Search tips
Search criteria

Results 1-7 (7)

Clipboard (0)

Select a Filter Below

Year of Publication
Document Types
1.  Vitamin D Receptor Fok-I Polymorphism Modulates Diabetic Host Response to Vitamin D Intake 
Diabetes Care  2013;36(3):550-556.
Interpopulation as well as interindividual variations in response to vitamin D intake commonly observed in subjects with type 2 diabetes may be related to genetic makeup. One of the candidate genes potentially responsible for this diversity is vitamin D receptor (VDR). This study aimed to investigate the interactive effect of VDR Fok-I polymorphism and vitamin D intake on diverse aspects of diabetic host response.
Glycemic status, lipid profiles, inflammatory biomarkers, and VDR Fok-I genotypes were determined in diabetic subjects (n = 140) who participated in a randomized controlled trial. Participants consumed two 250-mL bottles per day of yogurt drink (doogh) fortified with 500 IU vitamin D/250 mL for 12 weeks.
Mean serum 25(OH)D increased by ~30 nmol/L (P < 0.001). The time × intervention effect was significant for 25(OH)D (P = 0.030), HDL (P = 0.011), high-sensitivity C-reactive protein (hsCRP) (P < 0.001), interleukin (IL)-4 (P = 0.008), and IL-6 (P = 0.017) among the genotypic groups. The alleles were defined as ‘‘F’’ or ‘‘f’’ depending on the absence or presence of the restriction site, respectively. The least increment in 25(OH)D was in ff (23.0 ± 3.8 nmol/L) compared with Ff (31.2 ± 3.4 nmol/L) and FF (35.6 ± 2.7 nmol/L) (P for trend = 0.009), but only the difference between ff and FF was significant (P = 0.023). FF group had the largest decrement of both hsCRP and IL-6 compared with Ff (P < 0.001 and P = 0.038) and ff (P = 0.010 and P = 0.048), respectively.
We concluded that those of VDR ff genotype may be regarded as “low responders” to vitamin D intake in terms of response of circulating 25(OH)D and certain inflammatory biomarkers. A nutrigenetic approach may, therefore, be needed to protect diabetic patients from vitamin D deficiency.
PMCID: PMC3579338  PMID: 23160722
2.  Effect of omega-3 supplementation versus placebo on acylation stimulating protein receptor gene expression in type 2 diabetics 
This randomized controlled trial investigated the role of omega-3 supplementation on C5L2 gene expression in type 2 diabetics.
Subjects in the omega-3 group received 4 g omega-3 per day and subjects in the placebo group took four capsules of placebo per day for 10 weeks. Gene expression was measured by RT- PCR at the beginning and end of the study.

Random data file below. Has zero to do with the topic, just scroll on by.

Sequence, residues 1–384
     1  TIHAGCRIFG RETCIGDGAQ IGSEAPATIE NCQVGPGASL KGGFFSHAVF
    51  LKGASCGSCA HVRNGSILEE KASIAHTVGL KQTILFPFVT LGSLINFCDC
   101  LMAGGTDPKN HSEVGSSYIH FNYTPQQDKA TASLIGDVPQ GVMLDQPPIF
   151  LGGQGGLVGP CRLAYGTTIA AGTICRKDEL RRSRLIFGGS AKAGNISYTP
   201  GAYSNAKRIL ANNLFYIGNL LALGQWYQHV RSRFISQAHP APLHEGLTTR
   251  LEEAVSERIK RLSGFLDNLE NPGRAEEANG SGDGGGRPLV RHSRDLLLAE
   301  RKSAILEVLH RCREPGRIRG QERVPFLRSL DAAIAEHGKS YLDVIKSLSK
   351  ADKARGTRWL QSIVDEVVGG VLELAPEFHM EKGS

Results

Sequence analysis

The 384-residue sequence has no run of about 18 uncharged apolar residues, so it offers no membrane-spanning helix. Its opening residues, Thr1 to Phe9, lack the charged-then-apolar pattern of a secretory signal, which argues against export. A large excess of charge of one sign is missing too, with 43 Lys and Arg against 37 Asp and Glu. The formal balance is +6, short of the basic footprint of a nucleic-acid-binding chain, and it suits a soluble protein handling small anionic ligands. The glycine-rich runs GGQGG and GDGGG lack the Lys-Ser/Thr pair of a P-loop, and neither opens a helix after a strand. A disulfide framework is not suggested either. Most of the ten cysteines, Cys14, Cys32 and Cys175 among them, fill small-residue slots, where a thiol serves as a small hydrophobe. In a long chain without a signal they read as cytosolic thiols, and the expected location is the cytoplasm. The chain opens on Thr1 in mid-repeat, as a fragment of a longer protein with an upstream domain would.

The results of this study show depletion in the omega-3 group, but the mean difference between two groups was not significant.
Understanding the effect of the omega-3 pathway could contribute to targeting treatment of diabetes and its comorbidities.
PMCID: PMC3937173  PMID: 24393631
Omega-3; Acylation stimulating protein receptor (C5L2); Type 2 diabetes mellitus; Gene expression
3.  Brewer's Yeast Improves Glycemic Indices in Type 2 Diabetes Mellitus 
Brewer's yeast may have beneficial effects on insulin receptors because of itsglucose tolerance factor in diabetic patients. This study was conducted to investigate the effects of brewer's yeast supplementation on glycemic indices in patients with type 2 diabetes mellitus.
In a randomized double-blind controlled clinical trial, 84 adults (21 men and 63 women) aged 46.3 ± 6.1 years old with type 2 diabetes mellitus were recruited and divided randomly into two groups: Supplement group receiving brewer's yeast (six 300mg tablets/day, total 1800 mg) and control group receiving placebo (six 300mg tablets/day) for 12 weeks. Body weight, height, body mass index, food consumption (based on 24h food record), fasting blood sugar (FBS), glycosylated hemoglobin, insulin sensitivity, and insulin resistance were measured before and after the intervention. Data analysis was performed using the Statistical Package for Social Sciences (version 18.0).
The changes in FBS, glycosylated hemoglobin, and insulin sensitivity were significantly different between the two groups during the study (respectively P < 0.001, P < 0.001, P = 0.02 independent sample t-test). There was a significant difference in FBS, glycosylated hemoglobin, and insulin sensitivity at the end of the study between the two groups after removing the effects of baseline values (respectively P = 0.002, P < 0.001, P = 0.02, analysis of covariance). Changes in body mass index, 24h food record, insulin resistance were not significant.